Handfuls of Whitney Coffee beans. Shawn Goff Photo.

SPILLING THE BEANS: WHY STARTUPS NEED NETWORKS

BY SHAWN GOFF

Ron Whitney works 48 hours a week, roasting coffee beans in his enormous silver roaster, packing each bag and taking them to the Boyce Farmers Market every Saturday.

His brother started Whitney Coffee in 1992, selling coffee by the cup. Ron Whitney took over in 2009, and while he said he isn’t getting rich, he’s doing what he loves.

He loves it so much, he decided to take a risk, expand and start selling Whitney beans to businesses and restaurants.

“I always had a plan of roasting coffee, but as a small business it was always a big leap,” he said. “I got my roasters in 2009. It cost me well north of $100,000.”

He didn’t want any help doing it either.

“I decided I wouldn’t get any assistance. I wanted to do it myself. I take pride in that,” he said.

While it was a big investment, Whitney Coffee had a secret to getting its beans all around Fredericton: contacts.

“I’ve been at the market for so long, and a lot of the businesses I deal with were customers at the market. It was just naturally after I started roasting coffee that they found out and it kind of evolved,” he said.

Ron Whitney said because of his reputation at the market, businesses and locals are familiar with the taste and trust of the Whitney brand.

Whitney Coffee now provides beans for Cafe Loka, Urban Almanac, Frank’s Finer Diner, Real Food Connections, and others around Fredericton and the downtown area.

If you eat at any downtown restaurant, you could be served a cup of Whitney Coffee with your choice of dessert.

Whitney Coffee’s evolution has benefitted by cooperation with other local businesses, most recently with the Abbey Cafe in downtown Fredericton.

Ron Whitney with his roaster. Shawn Goff Photo.
Ron Whitney with his roaster. Shawn Goff Photo.

Tabatha Smith, general manager of the Abbey, said Whitney Coffee works well with their restaurant, since it fits a consumer trend toward whole foods and buying local.

“It’s nice to support local. We all feel better knowing how healthy things are and that we’re supporting our community,” she said. “It seems like a message that’s carrying more weight than it did when I was in school.”

Whitney agrees.

“We have the same type of values,” he said.

The Abbey also partnered with Red Rover Cider, to work with another local startup and bring them into The Abbey’s space. These three businesses are able to work together in this one location, in one form or another.

Smith said it brings in a new chemistry where those who want cider can grab a bite to eat or coffee, and the other way around.

Heather Boyd-Kinnie is the funding manager at the University of New Brunswick’s Pond-Deshpande Centre that assists entrepreneurs and young companies. She said it’s common for established entrepreneurs, like The Abbey, to work with others businesses to cover more ground.

“Entrepreneurs find that others who have gone through the entrepreneurial journey, and are ahead of them in the process, have a more mature business and can be very helpful to those who are just starting out,” she said.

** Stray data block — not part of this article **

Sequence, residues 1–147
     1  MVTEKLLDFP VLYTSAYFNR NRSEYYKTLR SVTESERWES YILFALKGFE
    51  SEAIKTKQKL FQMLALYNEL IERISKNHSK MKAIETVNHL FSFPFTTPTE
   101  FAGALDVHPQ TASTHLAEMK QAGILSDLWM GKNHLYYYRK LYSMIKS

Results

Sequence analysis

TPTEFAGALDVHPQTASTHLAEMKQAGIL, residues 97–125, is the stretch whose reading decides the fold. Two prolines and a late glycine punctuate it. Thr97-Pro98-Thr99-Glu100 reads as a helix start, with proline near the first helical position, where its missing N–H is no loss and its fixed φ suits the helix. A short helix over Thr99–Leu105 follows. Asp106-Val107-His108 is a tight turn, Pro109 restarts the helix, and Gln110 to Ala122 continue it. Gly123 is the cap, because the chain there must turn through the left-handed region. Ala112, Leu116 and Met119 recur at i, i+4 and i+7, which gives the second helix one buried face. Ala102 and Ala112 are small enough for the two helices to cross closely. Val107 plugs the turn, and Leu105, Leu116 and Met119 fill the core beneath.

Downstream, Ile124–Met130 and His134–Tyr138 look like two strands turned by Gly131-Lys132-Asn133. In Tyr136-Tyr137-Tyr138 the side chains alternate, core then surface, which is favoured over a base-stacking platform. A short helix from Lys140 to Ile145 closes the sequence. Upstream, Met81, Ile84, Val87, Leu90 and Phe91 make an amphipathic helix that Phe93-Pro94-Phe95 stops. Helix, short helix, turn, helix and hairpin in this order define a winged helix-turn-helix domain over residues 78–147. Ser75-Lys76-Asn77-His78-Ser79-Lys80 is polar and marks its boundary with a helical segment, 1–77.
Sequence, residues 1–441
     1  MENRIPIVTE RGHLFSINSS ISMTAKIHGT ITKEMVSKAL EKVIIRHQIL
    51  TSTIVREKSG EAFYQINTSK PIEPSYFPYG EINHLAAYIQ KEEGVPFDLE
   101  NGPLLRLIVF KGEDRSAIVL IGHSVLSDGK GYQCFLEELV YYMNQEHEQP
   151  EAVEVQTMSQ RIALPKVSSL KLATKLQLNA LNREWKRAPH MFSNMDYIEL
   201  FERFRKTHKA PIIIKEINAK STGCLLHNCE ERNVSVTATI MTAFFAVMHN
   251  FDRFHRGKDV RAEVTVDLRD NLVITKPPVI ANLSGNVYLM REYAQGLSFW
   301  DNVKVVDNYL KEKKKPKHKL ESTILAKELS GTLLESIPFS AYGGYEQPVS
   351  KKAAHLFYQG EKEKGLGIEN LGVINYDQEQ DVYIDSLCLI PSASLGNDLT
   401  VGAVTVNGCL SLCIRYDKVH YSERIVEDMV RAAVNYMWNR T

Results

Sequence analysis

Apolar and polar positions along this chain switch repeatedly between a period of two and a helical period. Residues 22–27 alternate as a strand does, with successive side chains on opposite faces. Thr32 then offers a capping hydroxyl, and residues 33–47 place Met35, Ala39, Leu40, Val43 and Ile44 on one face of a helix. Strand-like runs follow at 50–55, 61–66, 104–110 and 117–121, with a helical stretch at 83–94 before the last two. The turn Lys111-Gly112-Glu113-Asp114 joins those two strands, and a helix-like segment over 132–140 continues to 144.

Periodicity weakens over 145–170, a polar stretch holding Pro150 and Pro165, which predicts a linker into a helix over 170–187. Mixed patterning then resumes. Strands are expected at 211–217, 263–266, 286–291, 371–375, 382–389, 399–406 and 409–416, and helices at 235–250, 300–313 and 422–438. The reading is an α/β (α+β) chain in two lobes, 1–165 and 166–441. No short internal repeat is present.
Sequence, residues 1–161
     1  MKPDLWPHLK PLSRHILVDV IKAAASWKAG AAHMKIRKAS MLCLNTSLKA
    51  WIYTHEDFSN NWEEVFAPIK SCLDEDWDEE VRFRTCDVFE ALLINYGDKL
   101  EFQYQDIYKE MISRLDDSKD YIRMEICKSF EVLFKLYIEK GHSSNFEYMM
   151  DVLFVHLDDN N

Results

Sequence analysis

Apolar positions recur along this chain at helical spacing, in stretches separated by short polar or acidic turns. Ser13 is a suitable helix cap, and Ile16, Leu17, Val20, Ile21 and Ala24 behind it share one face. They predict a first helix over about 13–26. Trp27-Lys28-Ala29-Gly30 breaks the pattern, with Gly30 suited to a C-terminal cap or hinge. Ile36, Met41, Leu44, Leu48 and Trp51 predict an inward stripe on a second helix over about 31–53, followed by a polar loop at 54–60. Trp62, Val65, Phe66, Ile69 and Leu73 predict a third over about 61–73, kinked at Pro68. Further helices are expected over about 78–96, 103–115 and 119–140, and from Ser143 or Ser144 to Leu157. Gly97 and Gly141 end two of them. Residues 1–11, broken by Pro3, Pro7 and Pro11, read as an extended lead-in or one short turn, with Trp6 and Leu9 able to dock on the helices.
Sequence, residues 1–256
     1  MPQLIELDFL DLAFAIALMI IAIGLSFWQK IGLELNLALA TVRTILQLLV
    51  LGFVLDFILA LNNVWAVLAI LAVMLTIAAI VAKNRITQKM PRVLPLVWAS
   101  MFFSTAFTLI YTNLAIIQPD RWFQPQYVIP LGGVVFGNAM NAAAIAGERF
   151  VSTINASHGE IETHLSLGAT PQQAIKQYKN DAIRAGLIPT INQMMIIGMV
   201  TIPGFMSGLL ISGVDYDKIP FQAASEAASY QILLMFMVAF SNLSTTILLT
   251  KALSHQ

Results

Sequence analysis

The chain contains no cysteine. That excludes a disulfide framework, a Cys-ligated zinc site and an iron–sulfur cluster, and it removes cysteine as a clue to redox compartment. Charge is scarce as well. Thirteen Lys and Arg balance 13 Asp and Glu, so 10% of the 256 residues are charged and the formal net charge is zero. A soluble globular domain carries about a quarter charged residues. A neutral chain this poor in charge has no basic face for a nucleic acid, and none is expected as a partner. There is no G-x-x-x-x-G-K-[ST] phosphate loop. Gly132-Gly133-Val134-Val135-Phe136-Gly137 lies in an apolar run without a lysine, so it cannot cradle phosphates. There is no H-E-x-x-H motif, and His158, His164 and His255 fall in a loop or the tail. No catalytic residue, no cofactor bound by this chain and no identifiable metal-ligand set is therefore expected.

Since the Pond-Deshpande Centre provides mentorship for many new startup businesses, it makes entrepreneurs aware that communication and working together are keys to success.

“We have entrepreneurs who might be viewed as competitors actually work together to support each other,” she said.

Whitney’s advice for others looking to create a startup is to be patient and grow at a sustainable pace.

“There’s always a lot of exuberance when starting a new business. With any business one of the main challenges is being able to support yourself and have a proper cash flow,” he said. “If you grow too quick too fast, it can lead to financial difficulties.”

He said it’s also about having a good product.

“The people I’m dealing with right now are with me because they appreciate that I’m a local business, and the quality I provide them,” he said.

For those who want to start making contacts and working with other entrepreneurs as soon as possible, Boyd-Kinnie recommends attending startup conferences. In October, Invest Atlantic was held in New Brunswick for the first time, and brought entrepreneurs and investors together.

Boyd-Kinnie said there’s a lot for newcomers to learn, and they can find out what investors and other entrepreneurs are looking for in small-scale and large-scale startups.

“It’s the path to success in terms of being able to access funding,” she said. “It’s an important segue into the whole discussion around entrepreneurs working together, sharing information, networking, and collaborating. It’s all the same idea.”

Boyd-Kinnie also said that it’s not always good to keep secrets.

“For entrepreneurs or anyone who wants to explore the idea or starting a business, it’s very difficult to do that if you keep the idea to yourself, if you don’t share the idea, and if you don’t go out and establish really good networks and build relationships with other entrepreneurs, the entrepreneurial ecosystem and all the people in the network who are there for help and support,” she said. “There are many ways collaborating and connecting are keys to business success.”